Having a Maryland law enforcement officer pull you over may cause you anxiety, even if you do not feel as if you did anything wrong. You may feel even more ill-at-ease if the officer who pulls you over asks to take a look around your vehicle during the traffic stop. However, knowing what rights you have in this scenario may go a long way in terms of calming your concerns.
Whether an officer who stops your car may look around it depends on whether that officer has one of three things: your permission, a warrant or probable cause.
What might count as probable cause:
While a search warrant is necessary if a law enforcement official wants to search your house and you do not consent to the search, the bar is a bit lower in a traffic stop. In this situation, an officer wanting to conduct a vehicle search has to articulate facts or have proof or evidence that a crime is being committed, as opposed to just a hunch. For instance, seeing something illegal in the car, or smelling something illegal coming out of it, may give the officer valid legal grounds to move ahead with the search.
What to do when there is no probable cause:
If you do not want the officer to look through your car and he or she lacks a warrant or probable cause, inform him or her that you do not consent to the vehicle search. Typically, the police only ask you for permission if they do not have probable cause.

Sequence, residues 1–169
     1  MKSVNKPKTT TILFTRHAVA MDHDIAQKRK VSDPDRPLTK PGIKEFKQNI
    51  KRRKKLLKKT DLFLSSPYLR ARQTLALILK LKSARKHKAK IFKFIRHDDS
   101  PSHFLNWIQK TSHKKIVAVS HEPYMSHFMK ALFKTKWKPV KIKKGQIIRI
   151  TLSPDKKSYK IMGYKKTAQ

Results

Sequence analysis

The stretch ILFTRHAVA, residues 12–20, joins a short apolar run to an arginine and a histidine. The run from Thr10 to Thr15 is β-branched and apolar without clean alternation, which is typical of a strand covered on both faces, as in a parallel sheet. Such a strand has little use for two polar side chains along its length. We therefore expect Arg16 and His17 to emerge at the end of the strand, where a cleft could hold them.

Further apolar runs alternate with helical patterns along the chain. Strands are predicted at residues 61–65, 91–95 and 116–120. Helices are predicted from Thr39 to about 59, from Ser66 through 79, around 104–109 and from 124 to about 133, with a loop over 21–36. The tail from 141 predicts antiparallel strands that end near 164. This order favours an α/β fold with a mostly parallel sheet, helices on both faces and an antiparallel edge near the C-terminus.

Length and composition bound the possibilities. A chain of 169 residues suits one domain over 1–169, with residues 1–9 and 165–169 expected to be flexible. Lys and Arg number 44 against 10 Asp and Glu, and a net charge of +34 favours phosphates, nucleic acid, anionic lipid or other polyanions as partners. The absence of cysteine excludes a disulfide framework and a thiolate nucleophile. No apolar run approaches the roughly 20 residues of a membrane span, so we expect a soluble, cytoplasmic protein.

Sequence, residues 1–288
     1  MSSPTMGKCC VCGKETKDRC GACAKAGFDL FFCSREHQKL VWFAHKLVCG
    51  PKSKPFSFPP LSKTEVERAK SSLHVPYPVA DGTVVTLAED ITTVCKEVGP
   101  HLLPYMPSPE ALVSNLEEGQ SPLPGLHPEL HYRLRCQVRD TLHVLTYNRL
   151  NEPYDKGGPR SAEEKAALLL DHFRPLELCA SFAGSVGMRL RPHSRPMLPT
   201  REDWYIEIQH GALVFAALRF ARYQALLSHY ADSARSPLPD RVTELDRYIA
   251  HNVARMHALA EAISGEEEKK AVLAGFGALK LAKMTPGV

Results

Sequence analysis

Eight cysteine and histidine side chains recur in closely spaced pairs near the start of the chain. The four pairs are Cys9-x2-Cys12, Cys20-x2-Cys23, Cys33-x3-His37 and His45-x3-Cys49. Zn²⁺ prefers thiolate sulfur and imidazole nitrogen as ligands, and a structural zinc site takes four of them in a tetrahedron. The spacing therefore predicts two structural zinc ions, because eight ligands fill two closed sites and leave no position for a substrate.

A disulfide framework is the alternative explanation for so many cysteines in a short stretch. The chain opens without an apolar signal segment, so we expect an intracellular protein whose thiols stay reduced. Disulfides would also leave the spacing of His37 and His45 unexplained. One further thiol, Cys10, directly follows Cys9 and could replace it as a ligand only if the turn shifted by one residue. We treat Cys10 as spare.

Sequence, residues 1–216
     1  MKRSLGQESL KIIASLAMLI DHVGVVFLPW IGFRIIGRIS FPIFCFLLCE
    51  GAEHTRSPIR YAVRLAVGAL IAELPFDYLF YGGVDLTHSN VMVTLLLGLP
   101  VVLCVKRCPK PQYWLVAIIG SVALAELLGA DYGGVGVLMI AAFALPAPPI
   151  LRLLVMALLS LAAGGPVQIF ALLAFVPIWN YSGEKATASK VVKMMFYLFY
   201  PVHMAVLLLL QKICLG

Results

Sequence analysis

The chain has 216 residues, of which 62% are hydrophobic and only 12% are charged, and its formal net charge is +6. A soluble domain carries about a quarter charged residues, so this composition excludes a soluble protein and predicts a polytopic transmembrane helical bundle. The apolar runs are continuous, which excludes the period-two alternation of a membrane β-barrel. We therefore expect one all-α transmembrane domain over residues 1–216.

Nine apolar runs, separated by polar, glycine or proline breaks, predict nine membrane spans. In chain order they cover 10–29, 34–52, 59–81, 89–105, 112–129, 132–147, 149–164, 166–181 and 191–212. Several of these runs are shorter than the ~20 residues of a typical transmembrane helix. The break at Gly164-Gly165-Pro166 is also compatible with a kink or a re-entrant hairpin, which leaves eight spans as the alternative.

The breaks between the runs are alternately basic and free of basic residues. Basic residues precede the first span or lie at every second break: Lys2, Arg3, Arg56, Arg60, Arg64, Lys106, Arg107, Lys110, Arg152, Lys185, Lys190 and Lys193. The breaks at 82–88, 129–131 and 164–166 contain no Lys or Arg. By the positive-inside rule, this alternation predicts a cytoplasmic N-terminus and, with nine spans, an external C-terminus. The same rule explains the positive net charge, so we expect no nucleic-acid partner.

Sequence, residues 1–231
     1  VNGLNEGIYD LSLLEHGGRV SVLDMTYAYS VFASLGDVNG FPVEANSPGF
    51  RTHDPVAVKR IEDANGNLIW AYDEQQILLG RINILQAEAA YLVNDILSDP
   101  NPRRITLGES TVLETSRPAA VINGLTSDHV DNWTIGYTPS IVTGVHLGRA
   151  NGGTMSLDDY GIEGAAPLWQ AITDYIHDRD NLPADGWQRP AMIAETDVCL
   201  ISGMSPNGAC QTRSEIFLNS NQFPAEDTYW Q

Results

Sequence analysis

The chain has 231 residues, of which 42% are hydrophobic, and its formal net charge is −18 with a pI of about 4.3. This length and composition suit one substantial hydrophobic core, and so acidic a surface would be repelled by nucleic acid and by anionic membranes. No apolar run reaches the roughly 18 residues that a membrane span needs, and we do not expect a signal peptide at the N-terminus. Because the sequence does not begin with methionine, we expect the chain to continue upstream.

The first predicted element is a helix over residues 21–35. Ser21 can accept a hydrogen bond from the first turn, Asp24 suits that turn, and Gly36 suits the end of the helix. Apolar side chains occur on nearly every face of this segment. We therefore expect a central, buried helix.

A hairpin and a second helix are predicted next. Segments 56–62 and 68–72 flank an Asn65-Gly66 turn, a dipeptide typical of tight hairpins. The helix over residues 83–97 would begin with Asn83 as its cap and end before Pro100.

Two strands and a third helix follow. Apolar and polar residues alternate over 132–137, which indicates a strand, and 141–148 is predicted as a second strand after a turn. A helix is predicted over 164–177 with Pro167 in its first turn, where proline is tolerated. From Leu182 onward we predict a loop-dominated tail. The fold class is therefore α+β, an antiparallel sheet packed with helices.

If you choose to exercise your right to refuse an officer’s search request, be courteous and polite when you do so to avoid potential further trouble.
If your ex is a narcissist, then you are well aware that they love to push your buttons and be the center of attention. While this is difficult enough to deal with in a partner, it can seem nearly impossible to manage this as a divorced or estranged co-parent.
Thankfully, there are resources available to you to help you manage this situation if you hold joint custody with your narcissistic former partner. Our office is experienced in handling these matters and can offer many suggestions to best manage a difficult co-parent. Being aware of issues that may come up and knowing what tools are available is important prior to the creation of the parenting plan.